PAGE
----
NHTSA Announces Drop in Motorcycle Fatalities
The National Highway Traffic Safety Administration (NHTSA) announced that motorcycle fatalities have dropped for the second year in a row, reports the Motorcycle Riders Foundation (MRF). According to the Fatality Analysis Reporting System, or FARS data, collected by the federal government, motorcycle fatalities for 2013 dropped from 4,986 to 4,668 a difference of 318. The motorcycle fatality drop was the largest percentage of all vehicle groups at 6.4 percent. This is the second year on year drop in motorcycle fatalities since 2009.
This is an encouraging trend, but it is likely just that. It is a promising direction, since more motorcycles continue to be registered year after year.
Another aspect motorcyclists can be proud of is the decrease in the number of alcohol related deaths. Fatal crashes where alcohol was a factor dropped by 117 deaths, or 8.3 percent, also the largest decrease in the category.
Also reported was the drop in the number of injured motorcyclists from 93,000 to 88,000, a 5.4 percent drop. Eighty-eight thousand still seems like an awfully large number but consider that the number of passenger vehicle injuries is 2,046,000 for 2013. The drop in injured motorcyclists is again the largest decrease in the category.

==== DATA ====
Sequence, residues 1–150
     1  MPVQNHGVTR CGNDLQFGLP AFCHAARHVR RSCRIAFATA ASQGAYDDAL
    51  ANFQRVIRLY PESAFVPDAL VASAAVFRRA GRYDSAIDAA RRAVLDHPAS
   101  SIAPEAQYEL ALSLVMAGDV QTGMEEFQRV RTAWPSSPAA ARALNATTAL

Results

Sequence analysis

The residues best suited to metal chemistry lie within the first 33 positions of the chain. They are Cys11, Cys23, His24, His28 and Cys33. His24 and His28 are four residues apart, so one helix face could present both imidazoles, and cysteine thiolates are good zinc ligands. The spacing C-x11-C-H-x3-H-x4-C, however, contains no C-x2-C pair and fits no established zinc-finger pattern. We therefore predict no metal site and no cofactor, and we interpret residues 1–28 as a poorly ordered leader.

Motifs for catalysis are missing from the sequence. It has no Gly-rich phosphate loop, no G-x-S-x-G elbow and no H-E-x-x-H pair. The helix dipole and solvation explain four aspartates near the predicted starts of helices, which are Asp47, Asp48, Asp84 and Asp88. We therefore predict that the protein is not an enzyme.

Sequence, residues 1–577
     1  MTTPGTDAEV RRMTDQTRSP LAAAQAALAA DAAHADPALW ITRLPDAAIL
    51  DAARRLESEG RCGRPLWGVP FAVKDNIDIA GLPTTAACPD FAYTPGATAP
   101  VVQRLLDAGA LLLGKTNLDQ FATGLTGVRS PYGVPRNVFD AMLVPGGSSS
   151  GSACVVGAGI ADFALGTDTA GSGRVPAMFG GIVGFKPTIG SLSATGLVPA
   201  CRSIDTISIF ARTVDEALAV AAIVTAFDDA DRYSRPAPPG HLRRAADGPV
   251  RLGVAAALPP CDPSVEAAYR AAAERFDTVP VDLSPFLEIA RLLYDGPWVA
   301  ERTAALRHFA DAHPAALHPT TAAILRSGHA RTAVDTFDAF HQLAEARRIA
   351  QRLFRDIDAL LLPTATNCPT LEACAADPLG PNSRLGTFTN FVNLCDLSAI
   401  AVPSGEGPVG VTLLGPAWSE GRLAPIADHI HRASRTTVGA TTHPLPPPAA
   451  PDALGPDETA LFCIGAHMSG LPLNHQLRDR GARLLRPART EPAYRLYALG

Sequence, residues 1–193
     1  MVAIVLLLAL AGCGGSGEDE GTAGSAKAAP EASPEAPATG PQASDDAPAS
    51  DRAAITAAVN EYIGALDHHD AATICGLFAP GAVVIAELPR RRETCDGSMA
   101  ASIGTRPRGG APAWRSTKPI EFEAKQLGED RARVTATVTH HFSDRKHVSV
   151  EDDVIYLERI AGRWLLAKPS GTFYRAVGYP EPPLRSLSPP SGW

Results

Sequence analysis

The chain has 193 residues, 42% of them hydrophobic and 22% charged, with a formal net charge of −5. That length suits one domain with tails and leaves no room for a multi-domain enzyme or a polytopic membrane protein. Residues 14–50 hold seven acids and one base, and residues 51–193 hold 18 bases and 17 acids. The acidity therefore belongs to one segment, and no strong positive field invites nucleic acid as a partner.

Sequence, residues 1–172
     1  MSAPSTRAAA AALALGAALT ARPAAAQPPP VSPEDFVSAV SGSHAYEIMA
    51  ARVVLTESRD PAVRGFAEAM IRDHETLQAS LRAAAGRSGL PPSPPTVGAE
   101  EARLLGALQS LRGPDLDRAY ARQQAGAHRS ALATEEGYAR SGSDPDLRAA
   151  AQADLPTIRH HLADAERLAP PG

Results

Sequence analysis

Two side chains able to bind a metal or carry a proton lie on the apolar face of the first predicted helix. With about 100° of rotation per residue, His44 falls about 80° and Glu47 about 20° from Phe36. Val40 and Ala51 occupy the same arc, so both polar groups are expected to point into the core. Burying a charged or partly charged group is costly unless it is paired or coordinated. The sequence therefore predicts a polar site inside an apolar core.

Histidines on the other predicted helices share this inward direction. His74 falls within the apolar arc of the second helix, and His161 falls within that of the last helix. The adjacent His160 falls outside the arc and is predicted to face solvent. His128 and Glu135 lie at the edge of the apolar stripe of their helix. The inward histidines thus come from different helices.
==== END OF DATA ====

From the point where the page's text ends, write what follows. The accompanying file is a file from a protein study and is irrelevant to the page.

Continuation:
One unfortunate aspect of the report is that motorcyclist fatalities now take up 14 percent of the total fatalities. This is likely a direct result of more motorcycle licenses being issued and more motorcycle registrations being reported. Highway motorcycles saw a two percent increase in sales in 2013, and manufacturers are reporting record setting sales for 2013, according to the Motorcycle Industry Council. As with any increase in a vehicle population, it is predictable that fatalities would also rise.
The Motorcycle Riders Foundation believes that through strong rider education programs and prolific motorcycle awareness campaigns this drop in motorcycle fatalities can continue. Feel free to contact the MRF for any information on motorcycle fatality avoidance campaigns.
Read the full NHTSA reports here: http://www-nrd.nhtsa.dot.gov/Pubs/812101.pdf